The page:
Sunshine UK- Style

The length of a pregnancy ago, BBC’s Panorama and Shelley Jofre were considering exploring some of the murkier aspects of GlaxoSmithKline’s business in China.  En route, they got diverted into the conflicts of interest that many UK doctors have owing to their links to companies like GSK.

The recent US Sunshine Act that attempts to lay bare the links between companies and doctors has had considerable coverage worldwide.  Before that the Grassley hearings that gave rise to the Sunshine Act attracted real interest over the course of two years from 2008.  These hearings made Charlie Nemeroff a household name for links to big Pharma and made him the poster boy for conflict of interest.

Nothing similar to the Grassley Hearings or Sunshine Act has happened elsewhere. This is not because such conflicts don’t exist outside the United States.

In October 2005 the Royal College of Psychiatrists under its then President Mike Shooter convened a meeting in London to look at conflicts of interest, and the College policy in this area.  There were clinicians, academics and industry personnel present. The meeting was held in the wake of the scandal which had seen clinical trial data hidden and children exposed to treatments billed by academics in ghostwritten articles as safe and effective.  New York State was outraged and successfully sued GSK for fraud over the key study, Study 329.  Mike Shooter was outraged and convened the meeting.  A number of the shrinks at the meeting were outraged and didn’t shrink quite as much as industry clearly expected or would have liked.

In response Padraig White of GlaxoSmithKline made it clear that current British policies about clinical trials and access to the data from trials had been put in place by combination of people with Sir before their names and industry personnel.  He also made it clear that there were around twenty-five academic psychiatrists in the UK making $200K per year (£150K) out of their links to industry and that in his opinion none of these would any time soon be in the business of rocking the boat or arguing for any arrangements other than the ones that were in place.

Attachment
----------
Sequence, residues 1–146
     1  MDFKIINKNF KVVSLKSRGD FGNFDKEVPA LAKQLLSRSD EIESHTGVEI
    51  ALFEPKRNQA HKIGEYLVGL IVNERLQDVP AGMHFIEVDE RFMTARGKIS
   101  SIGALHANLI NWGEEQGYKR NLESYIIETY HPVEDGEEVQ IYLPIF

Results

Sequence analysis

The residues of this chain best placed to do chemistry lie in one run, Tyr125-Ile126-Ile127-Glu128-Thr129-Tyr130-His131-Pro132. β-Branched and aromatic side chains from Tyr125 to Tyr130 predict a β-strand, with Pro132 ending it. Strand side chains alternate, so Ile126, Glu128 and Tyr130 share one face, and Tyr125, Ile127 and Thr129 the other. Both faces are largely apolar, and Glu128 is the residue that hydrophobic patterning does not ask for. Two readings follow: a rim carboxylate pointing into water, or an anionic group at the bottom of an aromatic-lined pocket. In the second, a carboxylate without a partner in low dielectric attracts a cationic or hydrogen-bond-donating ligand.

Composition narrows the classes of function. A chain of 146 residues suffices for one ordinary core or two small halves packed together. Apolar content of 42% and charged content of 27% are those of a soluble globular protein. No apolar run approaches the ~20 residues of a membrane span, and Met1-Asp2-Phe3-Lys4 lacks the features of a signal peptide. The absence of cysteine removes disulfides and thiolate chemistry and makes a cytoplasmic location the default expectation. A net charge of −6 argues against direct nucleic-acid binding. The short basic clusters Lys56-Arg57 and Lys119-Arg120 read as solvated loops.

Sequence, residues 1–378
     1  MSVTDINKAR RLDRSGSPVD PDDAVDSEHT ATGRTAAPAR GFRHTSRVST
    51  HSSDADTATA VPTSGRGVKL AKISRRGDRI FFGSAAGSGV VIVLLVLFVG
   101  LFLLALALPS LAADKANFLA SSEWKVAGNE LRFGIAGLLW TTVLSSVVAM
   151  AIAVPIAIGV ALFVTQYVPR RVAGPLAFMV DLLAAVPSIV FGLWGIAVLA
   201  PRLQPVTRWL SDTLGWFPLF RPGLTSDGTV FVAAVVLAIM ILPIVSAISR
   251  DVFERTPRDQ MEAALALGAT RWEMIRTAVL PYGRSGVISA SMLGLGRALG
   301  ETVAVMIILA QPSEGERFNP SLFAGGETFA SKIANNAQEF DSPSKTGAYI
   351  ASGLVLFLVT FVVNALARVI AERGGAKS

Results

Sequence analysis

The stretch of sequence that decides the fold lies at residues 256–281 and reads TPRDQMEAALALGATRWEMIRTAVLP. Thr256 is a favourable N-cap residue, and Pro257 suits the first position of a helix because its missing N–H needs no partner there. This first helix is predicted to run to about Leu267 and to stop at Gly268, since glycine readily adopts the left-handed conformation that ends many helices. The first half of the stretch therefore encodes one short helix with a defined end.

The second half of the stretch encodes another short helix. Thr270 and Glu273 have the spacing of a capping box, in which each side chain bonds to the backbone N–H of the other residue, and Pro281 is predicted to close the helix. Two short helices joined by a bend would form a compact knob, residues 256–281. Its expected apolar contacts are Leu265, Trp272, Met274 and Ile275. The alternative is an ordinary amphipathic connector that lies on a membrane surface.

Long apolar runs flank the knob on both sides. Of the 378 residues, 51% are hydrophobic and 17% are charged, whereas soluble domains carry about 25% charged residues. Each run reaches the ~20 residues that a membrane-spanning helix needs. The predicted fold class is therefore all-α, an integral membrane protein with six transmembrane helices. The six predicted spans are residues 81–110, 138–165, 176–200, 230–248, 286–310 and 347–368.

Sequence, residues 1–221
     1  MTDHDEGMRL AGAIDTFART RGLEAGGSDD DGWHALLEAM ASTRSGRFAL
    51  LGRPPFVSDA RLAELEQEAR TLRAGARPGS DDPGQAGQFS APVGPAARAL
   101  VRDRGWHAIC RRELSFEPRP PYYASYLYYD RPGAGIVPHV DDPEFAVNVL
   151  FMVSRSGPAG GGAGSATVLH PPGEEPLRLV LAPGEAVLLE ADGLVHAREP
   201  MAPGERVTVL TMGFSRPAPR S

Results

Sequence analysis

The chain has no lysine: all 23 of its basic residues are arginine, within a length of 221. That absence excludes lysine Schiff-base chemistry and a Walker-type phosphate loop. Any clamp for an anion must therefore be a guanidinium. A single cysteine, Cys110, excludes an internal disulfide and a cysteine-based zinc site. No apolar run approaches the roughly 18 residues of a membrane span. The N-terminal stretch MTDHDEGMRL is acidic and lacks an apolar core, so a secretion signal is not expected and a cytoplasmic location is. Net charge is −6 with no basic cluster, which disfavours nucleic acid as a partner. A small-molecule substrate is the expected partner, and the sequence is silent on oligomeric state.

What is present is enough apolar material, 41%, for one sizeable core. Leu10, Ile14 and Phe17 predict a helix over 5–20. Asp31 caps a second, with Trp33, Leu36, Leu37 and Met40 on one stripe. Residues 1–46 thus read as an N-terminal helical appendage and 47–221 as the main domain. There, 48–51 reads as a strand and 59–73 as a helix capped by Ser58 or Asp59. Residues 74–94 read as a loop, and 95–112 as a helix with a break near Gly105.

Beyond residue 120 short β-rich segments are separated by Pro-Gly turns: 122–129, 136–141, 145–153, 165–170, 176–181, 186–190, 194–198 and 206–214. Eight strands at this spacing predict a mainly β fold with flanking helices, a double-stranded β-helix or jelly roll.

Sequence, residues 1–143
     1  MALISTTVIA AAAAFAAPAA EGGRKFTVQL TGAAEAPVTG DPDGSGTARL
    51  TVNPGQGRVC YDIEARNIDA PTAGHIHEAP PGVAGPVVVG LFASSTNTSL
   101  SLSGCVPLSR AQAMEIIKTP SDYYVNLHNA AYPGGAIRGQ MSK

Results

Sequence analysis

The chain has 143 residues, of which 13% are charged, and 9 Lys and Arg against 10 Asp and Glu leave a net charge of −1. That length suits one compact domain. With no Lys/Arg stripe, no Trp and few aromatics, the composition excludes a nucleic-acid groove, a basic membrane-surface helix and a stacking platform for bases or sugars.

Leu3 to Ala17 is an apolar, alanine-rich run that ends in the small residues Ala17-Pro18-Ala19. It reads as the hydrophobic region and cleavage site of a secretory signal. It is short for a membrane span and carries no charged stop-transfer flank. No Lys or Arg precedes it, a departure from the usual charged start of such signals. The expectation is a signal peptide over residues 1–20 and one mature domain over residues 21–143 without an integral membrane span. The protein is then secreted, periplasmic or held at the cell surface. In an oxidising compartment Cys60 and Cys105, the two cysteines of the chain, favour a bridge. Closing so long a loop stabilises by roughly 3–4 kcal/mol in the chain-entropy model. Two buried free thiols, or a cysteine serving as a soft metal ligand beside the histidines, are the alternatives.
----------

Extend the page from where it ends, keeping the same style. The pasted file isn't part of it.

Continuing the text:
Poster Boys

The idea there were twenty five academics in the UK in psychiatry alone earning this much money was surprising even for me. Certain names inevitably came to mind among them Dave Nutt and Guy Goodwin. It was always a good bet that The Institute of Psychiatry would have the greatest concentration of high earners. It’s not a crime to make this much money from links to industry. Dave Nutt back then had a reputation for rocking the boat rather than sweeping things under carpets, so unlike Charlie it wasn’t clear that his links would lead to debate being stifled.

But even Panorama who have a track record of taking on topics like conflict of interest didn’t warm to picking up the issues back then.  It was only later when pursuing the recent story about GSK and China and yet another large fine against GSK that the issue of medical conflict of interests began to come back on their radar.

Jofre decided to attend one of the many European meetings where the same few British and other opinion leaders can be seen shuttling between settings that are almost indistinguishable from one country to another saying pretty well the same things regardless of which drug is featured in the frame to the same bored audiences who are primarily there to visit some attractive venue with all costs paid by some company.